Segovia-Benitez, 38, came to the US as a toddler and grew up in California. He joined the Marines right out of high school, NBC News reports. He was honorably discharged in 2004, a year after he suffered a brain injury that left him with post-traumatic stress disorder (PTSD.)
"He is a soldier who put his life on the line to defend his country," his mother, Martha Garcia, told NBC News. "But when he returned from the war, he came back with problems."
Segovia-Benitez wasn't diagnosed with PTSD until 2011, according to Brandee Dudzic, the executive director of Repatriate our Patriots. In the interim, his family said, he turned to alcohol and committed a series of crimes including injuring a spouse, for which he served an eight-year jail sentence, and narcotics possession.
Segovia-Benitez was initially scheduled for deportation on October 16, The Phoenix New Times reported. Segovia-Benitez had boarded a plane bound for El Salvador, but was pulled off and sent to Arizona's Florence Correctional Center to await a potential pardon from California Governor Gavin Newsom.
But when Segovia-Benitez's attorney Roy Petty arrived at the facility on Wednesday for a scheduled visit to fill out paperwork so he could re-open his deportation case, his client was gone.
"Certainly, this is a surprise," Petty told the Phoenix New Times. "ICE [Immigration and Customs Enforcement] kept his deportation a secret. They kept it a secret from him, me, his other attorney, and they kept it a secret from his mother," he said.
While it's not illegal for ICE to proceed with the deportation, "It's not common practice. Generally, what ICE will do is they will notify the person so the person can make arrangements. They woke him up and put him on a plane," Petty said.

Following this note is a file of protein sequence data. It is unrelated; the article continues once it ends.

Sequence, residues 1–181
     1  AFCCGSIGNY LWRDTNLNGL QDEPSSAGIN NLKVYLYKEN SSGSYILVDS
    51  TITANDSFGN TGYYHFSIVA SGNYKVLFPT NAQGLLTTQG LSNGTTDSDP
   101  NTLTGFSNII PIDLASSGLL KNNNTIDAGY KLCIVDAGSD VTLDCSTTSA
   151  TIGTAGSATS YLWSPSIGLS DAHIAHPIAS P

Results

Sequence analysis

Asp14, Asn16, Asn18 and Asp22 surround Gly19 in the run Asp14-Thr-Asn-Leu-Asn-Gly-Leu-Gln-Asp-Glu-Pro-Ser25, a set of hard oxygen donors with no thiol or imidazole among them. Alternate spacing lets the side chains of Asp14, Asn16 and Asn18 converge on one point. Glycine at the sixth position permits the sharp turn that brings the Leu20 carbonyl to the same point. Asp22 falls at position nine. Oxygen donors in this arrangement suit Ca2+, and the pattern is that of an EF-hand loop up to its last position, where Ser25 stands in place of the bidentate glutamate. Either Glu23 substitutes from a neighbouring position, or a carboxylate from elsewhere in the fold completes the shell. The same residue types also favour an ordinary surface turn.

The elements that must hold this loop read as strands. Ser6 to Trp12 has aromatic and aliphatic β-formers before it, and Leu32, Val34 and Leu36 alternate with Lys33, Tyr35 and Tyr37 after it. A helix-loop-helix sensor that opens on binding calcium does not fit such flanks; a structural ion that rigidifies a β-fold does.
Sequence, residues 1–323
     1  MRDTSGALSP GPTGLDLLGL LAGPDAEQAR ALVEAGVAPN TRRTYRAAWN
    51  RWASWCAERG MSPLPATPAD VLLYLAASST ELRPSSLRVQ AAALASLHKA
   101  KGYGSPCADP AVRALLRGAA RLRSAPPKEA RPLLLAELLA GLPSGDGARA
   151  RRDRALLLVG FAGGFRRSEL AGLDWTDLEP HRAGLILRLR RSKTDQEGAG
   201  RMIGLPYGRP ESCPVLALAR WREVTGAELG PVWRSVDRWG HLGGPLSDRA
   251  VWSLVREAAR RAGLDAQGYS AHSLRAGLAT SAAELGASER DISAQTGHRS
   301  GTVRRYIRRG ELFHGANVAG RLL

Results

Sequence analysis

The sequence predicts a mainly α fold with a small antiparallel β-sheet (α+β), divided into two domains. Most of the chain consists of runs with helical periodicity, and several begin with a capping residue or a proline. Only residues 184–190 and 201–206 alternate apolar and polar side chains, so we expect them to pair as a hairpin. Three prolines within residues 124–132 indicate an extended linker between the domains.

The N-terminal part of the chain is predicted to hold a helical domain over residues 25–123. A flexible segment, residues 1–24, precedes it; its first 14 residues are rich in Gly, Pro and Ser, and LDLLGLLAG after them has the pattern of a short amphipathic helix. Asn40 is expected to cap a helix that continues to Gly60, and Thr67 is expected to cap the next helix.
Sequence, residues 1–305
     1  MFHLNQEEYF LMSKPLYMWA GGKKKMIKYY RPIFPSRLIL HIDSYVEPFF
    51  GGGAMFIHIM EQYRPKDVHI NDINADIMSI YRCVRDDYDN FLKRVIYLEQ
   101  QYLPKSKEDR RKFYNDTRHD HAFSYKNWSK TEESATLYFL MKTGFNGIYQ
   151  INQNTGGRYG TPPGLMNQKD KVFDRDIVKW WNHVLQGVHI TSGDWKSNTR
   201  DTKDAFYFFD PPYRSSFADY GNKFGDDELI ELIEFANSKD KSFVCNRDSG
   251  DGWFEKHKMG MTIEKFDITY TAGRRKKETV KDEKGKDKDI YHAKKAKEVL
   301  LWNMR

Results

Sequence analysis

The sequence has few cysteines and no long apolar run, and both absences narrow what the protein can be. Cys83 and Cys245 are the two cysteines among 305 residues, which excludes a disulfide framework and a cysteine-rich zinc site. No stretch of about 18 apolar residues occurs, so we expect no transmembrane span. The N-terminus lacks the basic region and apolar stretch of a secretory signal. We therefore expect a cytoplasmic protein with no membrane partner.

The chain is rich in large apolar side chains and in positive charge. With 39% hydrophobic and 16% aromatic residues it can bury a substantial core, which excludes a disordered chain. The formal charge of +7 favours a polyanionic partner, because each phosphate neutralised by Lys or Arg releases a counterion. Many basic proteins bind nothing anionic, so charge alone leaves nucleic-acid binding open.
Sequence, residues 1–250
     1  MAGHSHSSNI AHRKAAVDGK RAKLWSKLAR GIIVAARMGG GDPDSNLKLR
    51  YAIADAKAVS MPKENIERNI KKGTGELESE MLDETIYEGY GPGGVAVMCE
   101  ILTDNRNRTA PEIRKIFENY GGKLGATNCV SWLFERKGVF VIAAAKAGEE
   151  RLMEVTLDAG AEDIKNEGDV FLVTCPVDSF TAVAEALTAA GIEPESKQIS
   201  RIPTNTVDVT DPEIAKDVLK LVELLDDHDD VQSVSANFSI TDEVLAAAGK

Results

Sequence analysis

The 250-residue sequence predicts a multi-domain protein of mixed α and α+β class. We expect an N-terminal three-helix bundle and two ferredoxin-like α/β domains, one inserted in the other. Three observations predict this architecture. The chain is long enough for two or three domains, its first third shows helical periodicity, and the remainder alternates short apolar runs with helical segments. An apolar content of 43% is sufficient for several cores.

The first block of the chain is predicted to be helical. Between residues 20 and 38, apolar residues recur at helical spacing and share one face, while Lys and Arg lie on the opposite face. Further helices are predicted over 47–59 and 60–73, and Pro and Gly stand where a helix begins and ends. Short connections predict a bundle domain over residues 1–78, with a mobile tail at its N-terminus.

After serving his jail sentence, Segovia-Benitez was held in an ICE detention facility for nearly two years. He and 14 others filed a lawsuit in August alleging they were subjected to horrific and "inhumane" conditions during their detention, NBC News reports.
Segovia-Benitez is currently in a jail in El Salvador as part of his deportation proceedings. In El Salvador, a notoriously violent and dangerous country, Segovia-Benitez's attorney worries that his veteran status might make him a target for gangs.
"Gangs target former U.S. military," Petty told the Phoenix New Times. "They'll kidnap a person, they may hold a person for ransom, they may torture an individual."
Segovia-Benitez, who previously had legal status, filed an appeal of his deportation and two stays after a judge ordered that he should be deported in October 2018, all of which were denied, a spokesperson for ICE told The Hill.